АвторAuthor: Olha Verkalets | Translation: Nataliia Zadorozhna
5 September 2022
37-year-old Yevheniia Prinova is the owner of the Prinova outerwear brand, as well as a wife and mother of two sons. On March 6, she left her home and business in Kharkiv in order to save her family. In May, Yevheniia started the process of relocating her own production to launch a new collection in Ivano-Frankivsk. About difficulties the woman from Kharkiv faced and what it’s like to launch the business during the war read in “Monologues of the War”.
Before the invasion, we visited the Kyiv Fashion exhibition. At the event, our brand generated a lot of buzz and we received many orders. We didn’t have time, and on February 24 we were supposed to start production of two models.
The biggest challenge for us before the full-scale invasion was the lack of day offs. We had work trips to different cities of Ukraine, and there was no time to relax.
Literally, two or three of my friends were packing bug-out bags in advance. We did not believe that the war would break out, but we were given signs. On February 23, my husband and I were stuck at work. He offered to go and fill up the car “to the full”, because the dollar is growing. There was a long line at the gas station, and we thought that was because of the dollar exchange rate.
We arrived home at 10:00 p.m., and a neighbor, who works as a border guard, was leaving the entrance. He was in uniform, with a gun and a large backpack. He immediately jumped into the car and didn’t even say hello to us.
On the night of February 24, my youngest son had a fever, so I woke up around 4:45 a. m. When I went into the kitchen, I heard a loud explosion. At first, I did not understand what was going on. Then again and again the sounds came from all sides. We live in the center, so we did not see these explosions.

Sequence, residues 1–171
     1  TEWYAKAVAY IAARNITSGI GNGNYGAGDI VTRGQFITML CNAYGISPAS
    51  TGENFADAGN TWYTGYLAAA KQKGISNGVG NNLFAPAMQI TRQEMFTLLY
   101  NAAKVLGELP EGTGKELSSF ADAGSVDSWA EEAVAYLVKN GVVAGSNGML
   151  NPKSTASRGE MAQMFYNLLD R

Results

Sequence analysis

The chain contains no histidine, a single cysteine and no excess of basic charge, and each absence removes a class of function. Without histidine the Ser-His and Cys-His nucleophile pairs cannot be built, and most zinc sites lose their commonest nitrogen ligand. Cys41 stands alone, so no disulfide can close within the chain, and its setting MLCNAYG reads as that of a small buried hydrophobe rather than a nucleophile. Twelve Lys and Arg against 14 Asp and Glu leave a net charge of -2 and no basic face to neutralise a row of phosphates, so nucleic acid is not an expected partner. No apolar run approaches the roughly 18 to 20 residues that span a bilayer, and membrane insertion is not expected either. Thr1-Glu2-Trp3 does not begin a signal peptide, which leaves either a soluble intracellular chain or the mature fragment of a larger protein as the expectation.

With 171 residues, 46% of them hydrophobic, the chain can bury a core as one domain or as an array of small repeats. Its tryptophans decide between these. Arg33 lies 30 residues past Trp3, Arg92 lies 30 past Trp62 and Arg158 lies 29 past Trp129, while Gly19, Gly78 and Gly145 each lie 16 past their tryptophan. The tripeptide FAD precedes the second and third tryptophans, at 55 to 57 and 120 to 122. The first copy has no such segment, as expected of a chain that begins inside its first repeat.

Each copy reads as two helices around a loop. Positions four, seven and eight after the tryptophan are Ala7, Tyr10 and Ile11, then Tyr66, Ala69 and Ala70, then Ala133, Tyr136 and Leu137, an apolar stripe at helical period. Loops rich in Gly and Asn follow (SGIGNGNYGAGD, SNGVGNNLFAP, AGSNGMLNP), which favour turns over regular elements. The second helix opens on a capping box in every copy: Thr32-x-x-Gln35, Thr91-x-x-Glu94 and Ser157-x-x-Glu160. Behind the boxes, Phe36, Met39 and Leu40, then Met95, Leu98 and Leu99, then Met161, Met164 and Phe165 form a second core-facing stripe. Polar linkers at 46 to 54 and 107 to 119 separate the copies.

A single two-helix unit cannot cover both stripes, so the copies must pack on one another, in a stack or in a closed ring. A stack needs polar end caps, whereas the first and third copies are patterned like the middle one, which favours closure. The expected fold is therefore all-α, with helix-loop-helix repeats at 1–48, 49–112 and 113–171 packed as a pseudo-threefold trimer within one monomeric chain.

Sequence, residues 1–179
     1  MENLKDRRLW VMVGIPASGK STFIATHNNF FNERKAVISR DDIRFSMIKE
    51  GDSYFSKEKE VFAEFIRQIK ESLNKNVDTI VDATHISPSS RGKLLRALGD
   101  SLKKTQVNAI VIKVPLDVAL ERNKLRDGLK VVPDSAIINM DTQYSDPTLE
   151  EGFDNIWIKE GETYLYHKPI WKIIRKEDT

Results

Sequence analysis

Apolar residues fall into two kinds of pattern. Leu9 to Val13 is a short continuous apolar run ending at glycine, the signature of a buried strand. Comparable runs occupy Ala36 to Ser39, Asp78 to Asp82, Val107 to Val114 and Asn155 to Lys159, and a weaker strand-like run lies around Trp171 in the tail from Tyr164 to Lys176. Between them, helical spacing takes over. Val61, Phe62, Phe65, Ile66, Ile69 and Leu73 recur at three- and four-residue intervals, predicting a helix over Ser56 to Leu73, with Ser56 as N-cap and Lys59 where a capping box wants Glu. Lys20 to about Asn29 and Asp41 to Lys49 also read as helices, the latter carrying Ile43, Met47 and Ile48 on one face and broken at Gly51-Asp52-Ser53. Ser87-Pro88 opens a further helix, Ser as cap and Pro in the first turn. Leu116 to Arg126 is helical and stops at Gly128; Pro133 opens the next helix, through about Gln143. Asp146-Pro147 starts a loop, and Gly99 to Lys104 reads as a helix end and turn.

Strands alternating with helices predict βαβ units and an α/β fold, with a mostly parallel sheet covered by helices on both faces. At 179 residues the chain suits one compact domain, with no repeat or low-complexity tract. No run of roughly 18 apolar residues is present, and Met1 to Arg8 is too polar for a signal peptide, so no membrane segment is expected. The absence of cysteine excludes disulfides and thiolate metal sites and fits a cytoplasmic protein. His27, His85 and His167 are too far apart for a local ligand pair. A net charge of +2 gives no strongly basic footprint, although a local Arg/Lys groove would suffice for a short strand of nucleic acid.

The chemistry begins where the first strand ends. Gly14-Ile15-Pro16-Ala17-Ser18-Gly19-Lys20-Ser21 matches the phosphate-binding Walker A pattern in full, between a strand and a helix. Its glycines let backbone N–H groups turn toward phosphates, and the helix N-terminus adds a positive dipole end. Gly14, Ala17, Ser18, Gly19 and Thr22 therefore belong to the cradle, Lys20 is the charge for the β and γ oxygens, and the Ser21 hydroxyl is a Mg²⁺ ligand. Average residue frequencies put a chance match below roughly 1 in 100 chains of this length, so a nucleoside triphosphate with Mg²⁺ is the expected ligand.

I started looking for information on the Internet, and there people wrote that the war had begun. When I ran to my mother, she said it was just thunder. I called the godmother, but she didn’t believe it either. Then I phoned my brother who lived in Northern Saltivka. I asked him: “Did you hear the explosions?”. “We not only heard, but saw them,” he answered me. Later, several missiles hit their house. All residents of the high-rise building were evacuated, so the situation is currently unknown.
During the first week of the invasion, my team and I couldn’t believe what was happening. At first, they called me and we agreed to start the work at 6 a.m., then we postponed it to 8 a.m. Of course, nobody left their home that day.
“People at the station threw away their belongings, because they could not fit in the evacuation train. They left the city with one bag and documents. Terrible things happened there. There were explosions all around, nowhere to hide, huge crowds of people. If someone fell, others trampled on him. Foreigners ran into the carriages and stood at the entrance with knives and pushed other people until “their people” got on the train.”
My husband and I never do a lot of grocery shopping in advance. It happened so that on the 24th we almost ran out of everything. We tried to get some food, but it was unreal. There were giant queues, people were taking everything from the shelves. After a few days, we went to the store again. Then it was even worse. We were out of groceries and the store only had chips, beer and soda on the shelves. What should I feed my children? I barely found half-rotten onions, broccoli, and cookies. But I couldn’t cook anything from that either.
A few days later, we already distinguished “Grad” launch vehicle sounds from artillery. Almost all the time we were hiding in the bomb shelter of our house. We ran home only to cook some food and take a shower.
Misinformation affected our evacuation. Friends from other regions told us not to leave, because the road was dangerous. But it turned out that it was much more dangerous to stay in the city. When a shell hit somewhere close to us, we decided to evacuate.
Until the 6 of March in Kharkiv, I hardly got a wink of sleep. I didn’t even think that it was possible to endure this physically. I got a feeling that I have become an insect whose main task is to survive. And all desires on the 24th instantly disappeared. Now nothing makes sense to me. I try to pull myself together and work, but I can’t get rid of this feeling either.
I remember how a russian plane flew over the roof of our house. We live on the top floor, so we didn’t have time to go down to the basement, we could only hear it up close. Instinctively, we fell to the floor. It was very scary.